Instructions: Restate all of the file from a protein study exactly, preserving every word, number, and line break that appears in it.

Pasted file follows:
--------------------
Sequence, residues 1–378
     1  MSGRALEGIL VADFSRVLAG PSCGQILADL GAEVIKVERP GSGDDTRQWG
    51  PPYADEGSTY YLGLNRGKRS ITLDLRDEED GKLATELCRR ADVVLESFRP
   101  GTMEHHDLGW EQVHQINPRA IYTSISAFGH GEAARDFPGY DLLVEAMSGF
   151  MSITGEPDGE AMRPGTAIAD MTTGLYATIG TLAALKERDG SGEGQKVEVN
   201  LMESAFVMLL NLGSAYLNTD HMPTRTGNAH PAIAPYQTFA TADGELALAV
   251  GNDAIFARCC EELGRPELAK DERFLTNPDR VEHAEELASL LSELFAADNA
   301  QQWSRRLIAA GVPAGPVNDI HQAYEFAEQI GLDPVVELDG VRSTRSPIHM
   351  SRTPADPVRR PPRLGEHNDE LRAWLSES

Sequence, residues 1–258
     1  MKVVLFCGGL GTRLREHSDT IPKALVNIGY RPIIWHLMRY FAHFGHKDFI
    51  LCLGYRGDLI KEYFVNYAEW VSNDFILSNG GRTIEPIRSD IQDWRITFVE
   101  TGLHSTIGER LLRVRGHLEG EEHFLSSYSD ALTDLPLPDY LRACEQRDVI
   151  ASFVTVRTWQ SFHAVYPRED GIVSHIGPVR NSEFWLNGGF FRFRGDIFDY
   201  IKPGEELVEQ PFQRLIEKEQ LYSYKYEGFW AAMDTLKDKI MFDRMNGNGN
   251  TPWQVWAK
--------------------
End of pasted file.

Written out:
Sequence, residues 1–378
     1  MSGRALEGIL VADFSRVLAG PSCGQILADL GAEVIKVERP GSGDDTRQWG
    51  PPYADEGSTY YLGLNRGKRS ITLDLRDEED GKLATELCRR ADVVLESFRP
   101  GTMEHHDLGW EQVHQINPRA IYTSISAFGH GEAARDFPGY DLLVEAMSGF
   151  MSITGEPDGE AMRPGTAIAD MTTGLYATIG TLAALKERDG SGEGQKVEVN
   201  LMESAFVMLL NLGSAYLNTD HMPTRTGNAH PAIAPYQTFA TADGELALAV
   251  GNDAIFARCC EELGRPELAK DERFLTNPDR VEHAEELASL LSELFAADNA
   301  QQWSRRLIAA GVPAGPVNDI HQAYEFAEQI GLDPVVELDG VRSTRSPIHM
   351  SRTPADPVRR PPRLGEHNDE LRAWLSES

Sequence, residues 1–258
     1  MKVVLFCGGL GTRLREHSDT IPKALVNIGY RPIIWHLMRY FAHFGHKDFI
    51  LCLGYRGDLI KEYFVNYAEW VSNDFILSNG GRTIEPIRSD IQDWRITFVE
   101  TGLHSTIGER LLRVRGHLEG EEHFLSSYSD ALTDLPLPDY LRACEQRDVI
   151  ASFVTVRTWQ SFHAVYPRED GIVSHIGPVR NSEFWLNGGF FRFRGDIFDY
   201  IKPGEELVEQ PFQRLIEKEQ LYSYKYEGFW AAMDTLKDKI MFDRMNGNGN
   251  TPWQVWAK